The few weeks after having a baby are a unique and special transitioning period that needs special attention and care. We go from "life before baby" to "life with baby" and being a mother, wether it is the first child or the fifth. The mother's body, who has magically expanded over nine months to grow a child and has had the ability to birth it, needs rest and special attention in order to heal and restore energy and strength. Birth and the hormonal transitions right after come with blood loss, sleep deprivation, hair loss, night sweats, headaches, and more. A mother's breastfeeding journey often comes with difficulties, but in any case with the feeling of "being drained" of one's energy. Not to mention the emotions every mother feels in these first few weeks - love, happiness, anxiety, angst, more love. It can be confusing to identify one's emotions, even if you are someone normally in touch with your feelings. 

Many cultures around the world still honor this time as a special, if not holy period in a women's life. In Korea "samchilil" is a twenty-one to thirty day period of special maternal care. In Malaysia's "pantang" the mother receives massages, exfoliations, baths and more to restore the life source in her womb. Forty day rest periods are honored in Jordan, Egypt, Palastine and plenty of other countries. In Zambia, women are banned from all work around the house until the umbilical cord falls off. In Vietnam, parents wont introduce their babies to strangers for six whole weeks. There are so many examples around the world of how a woman's transition to motherhood can be made a period of rest and well-being, rather than stress, pressure and anxiety. It is believed, that the rest postpartum is an investment in future health - healthy pregnancies, better skin, easier menopause, less signs of aging just to name a few examples.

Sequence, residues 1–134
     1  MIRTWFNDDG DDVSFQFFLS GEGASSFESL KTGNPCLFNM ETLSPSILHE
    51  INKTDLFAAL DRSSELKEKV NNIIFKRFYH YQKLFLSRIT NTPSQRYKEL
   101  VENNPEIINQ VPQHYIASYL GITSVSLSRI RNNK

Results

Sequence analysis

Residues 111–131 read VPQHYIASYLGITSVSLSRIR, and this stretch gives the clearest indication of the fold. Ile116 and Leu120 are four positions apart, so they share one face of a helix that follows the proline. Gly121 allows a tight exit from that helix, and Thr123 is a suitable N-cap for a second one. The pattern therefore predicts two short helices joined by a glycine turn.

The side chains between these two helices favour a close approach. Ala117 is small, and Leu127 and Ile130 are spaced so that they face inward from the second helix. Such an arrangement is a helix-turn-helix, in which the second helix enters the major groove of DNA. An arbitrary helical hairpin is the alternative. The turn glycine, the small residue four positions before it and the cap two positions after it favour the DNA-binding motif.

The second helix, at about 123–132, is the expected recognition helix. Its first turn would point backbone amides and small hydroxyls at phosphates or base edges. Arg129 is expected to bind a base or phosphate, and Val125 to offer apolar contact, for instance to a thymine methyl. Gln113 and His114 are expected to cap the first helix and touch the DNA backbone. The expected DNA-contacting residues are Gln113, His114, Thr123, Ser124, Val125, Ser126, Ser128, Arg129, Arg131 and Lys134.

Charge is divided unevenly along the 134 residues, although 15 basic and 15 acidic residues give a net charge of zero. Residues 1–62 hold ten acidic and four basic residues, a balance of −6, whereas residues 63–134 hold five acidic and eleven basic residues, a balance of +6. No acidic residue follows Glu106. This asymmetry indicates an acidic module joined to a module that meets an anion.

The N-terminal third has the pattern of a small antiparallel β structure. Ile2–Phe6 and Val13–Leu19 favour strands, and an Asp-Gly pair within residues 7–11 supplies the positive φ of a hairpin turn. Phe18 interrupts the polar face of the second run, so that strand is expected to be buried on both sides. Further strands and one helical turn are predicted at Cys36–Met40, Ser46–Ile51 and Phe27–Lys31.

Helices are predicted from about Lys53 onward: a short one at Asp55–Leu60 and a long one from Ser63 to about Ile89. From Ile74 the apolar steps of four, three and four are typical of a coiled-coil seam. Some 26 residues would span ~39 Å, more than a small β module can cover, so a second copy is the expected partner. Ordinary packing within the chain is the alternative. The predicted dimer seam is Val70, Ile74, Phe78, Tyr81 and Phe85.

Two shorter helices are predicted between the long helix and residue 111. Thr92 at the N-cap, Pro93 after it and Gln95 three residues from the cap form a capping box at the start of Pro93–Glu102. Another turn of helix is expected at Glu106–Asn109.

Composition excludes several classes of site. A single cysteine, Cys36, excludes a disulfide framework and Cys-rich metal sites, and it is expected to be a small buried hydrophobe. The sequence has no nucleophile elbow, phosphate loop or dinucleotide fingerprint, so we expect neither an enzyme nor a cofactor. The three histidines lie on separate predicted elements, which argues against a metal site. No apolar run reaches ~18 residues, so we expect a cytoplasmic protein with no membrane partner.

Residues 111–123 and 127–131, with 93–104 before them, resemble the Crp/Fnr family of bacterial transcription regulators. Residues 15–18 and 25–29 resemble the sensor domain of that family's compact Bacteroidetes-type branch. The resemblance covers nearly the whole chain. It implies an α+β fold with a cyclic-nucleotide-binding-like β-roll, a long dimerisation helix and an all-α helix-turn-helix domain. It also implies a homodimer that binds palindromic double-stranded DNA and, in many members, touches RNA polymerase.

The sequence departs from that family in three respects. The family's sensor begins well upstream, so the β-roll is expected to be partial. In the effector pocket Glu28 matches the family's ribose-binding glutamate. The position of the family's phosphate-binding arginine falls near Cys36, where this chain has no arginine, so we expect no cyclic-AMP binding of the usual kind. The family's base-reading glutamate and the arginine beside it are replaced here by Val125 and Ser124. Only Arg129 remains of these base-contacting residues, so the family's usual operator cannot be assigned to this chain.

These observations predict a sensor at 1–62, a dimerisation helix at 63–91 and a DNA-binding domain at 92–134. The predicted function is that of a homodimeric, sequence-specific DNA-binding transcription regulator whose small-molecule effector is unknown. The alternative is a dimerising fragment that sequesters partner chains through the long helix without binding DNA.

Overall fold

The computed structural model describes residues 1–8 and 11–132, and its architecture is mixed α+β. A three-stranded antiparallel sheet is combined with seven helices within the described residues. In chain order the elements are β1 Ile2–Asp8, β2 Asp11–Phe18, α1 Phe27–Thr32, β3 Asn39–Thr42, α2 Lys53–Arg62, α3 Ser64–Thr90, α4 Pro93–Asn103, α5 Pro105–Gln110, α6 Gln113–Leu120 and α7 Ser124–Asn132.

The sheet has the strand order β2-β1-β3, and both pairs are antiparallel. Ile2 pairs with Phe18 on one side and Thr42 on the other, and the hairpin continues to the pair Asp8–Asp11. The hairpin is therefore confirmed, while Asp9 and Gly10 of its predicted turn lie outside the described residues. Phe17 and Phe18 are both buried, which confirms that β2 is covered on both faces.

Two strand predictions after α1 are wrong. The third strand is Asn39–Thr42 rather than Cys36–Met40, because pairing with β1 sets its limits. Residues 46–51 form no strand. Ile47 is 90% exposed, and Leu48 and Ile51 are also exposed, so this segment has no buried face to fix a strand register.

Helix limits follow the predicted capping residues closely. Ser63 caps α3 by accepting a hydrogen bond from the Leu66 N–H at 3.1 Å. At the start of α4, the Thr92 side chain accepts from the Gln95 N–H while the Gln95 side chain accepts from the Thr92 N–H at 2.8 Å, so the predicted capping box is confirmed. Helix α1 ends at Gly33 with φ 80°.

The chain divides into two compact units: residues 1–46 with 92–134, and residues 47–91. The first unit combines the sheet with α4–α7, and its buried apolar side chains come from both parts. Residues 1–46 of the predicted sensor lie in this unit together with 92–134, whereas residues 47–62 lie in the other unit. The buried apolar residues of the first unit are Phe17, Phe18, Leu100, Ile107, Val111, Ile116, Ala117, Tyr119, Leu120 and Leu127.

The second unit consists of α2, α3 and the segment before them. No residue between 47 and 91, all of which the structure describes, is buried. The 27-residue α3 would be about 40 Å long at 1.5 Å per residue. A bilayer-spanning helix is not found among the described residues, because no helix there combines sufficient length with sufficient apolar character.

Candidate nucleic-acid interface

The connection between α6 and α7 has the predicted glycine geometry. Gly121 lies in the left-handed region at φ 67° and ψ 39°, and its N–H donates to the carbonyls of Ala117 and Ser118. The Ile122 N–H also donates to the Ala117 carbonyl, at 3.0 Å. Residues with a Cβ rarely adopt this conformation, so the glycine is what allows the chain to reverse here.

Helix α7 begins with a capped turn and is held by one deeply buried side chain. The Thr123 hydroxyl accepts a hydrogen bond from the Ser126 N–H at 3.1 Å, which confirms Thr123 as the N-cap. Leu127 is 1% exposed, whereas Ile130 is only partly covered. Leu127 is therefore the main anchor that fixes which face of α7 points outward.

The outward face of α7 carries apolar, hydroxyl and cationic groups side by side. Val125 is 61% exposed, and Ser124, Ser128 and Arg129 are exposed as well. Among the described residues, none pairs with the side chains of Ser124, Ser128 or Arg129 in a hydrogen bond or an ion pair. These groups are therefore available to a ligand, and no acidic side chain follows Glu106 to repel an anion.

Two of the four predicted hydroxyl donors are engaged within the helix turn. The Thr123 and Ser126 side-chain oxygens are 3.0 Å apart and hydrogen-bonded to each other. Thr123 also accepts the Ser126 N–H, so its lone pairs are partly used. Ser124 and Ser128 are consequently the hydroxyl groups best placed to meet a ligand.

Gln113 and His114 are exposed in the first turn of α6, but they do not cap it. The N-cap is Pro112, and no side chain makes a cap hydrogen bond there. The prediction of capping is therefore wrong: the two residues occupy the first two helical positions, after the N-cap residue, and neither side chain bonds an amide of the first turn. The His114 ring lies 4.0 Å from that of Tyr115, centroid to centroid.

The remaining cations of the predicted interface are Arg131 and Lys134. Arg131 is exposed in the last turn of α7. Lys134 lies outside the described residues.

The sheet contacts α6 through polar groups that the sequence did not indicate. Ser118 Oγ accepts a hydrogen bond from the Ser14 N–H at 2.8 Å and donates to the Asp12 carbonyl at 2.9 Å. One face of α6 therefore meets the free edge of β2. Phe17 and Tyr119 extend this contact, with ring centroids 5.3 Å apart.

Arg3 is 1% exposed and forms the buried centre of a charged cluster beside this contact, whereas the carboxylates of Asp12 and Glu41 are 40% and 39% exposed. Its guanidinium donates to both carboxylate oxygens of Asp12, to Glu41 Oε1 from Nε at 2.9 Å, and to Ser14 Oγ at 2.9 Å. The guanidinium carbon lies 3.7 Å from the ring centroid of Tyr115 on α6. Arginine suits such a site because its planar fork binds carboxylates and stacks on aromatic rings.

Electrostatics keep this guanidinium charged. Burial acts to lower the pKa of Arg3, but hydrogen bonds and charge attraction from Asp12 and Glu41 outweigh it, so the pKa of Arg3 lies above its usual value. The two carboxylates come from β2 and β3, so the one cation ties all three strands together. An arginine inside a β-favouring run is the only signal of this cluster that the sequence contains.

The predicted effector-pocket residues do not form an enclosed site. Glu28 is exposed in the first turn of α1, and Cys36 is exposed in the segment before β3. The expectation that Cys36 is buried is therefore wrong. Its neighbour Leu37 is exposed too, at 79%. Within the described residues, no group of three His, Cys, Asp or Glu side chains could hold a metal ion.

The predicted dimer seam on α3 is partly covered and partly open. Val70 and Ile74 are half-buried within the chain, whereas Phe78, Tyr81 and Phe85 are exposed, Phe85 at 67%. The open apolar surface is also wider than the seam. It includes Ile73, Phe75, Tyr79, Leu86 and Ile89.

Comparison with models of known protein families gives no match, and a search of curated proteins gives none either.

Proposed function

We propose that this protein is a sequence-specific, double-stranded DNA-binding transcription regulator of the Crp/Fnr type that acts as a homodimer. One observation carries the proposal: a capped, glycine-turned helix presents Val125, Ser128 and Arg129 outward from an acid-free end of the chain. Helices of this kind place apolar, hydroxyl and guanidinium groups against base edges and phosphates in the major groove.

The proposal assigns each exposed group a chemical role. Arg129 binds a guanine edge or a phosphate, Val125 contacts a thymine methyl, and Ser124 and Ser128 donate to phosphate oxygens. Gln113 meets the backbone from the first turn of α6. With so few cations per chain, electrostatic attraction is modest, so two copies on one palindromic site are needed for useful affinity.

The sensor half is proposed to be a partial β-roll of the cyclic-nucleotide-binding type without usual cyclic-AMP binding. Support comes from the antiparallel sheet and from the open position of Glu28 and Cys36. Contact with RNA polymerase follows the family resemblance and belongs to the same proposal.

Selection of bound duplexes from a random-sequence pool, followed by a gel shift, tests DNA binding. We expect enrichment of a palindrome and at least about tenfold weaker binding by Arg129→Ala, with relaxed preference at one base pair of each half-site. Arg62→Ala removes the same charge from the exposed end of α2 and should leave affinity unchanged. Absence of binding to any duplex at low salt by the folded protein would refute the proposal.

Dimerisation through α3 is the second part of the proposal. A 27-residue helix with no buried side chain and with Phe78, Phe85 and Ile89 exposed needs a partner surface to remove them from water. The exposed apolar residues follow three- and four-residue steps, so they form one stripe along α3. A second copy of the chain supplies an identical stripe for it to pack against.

Personally, I remember the first few weeks after my daughter was born as the most wonderful time of my life. My husband and I retreated from the world to get to know this new life and this new addition to the family. We hardly welcomed people into our home and only went out for leisurely walks or short outings to our favorite coffee places for the whole first month. A time from which we emerged with feelings of deep love for each other, confidence to parent this baby, physically rejuvenated and generally relaxed. I will always cherish these three weeks as some of the best of my life.